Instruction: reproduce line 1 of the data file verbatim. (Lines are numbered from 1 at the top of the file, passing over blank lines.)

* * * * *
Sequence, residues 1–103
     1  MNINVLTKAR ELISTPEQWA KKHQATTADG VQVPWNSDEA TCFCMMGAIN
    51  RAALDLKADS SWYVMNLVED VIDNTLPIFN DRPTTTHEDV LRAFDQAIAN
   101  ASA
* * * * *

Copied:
Sequence, residues 1–103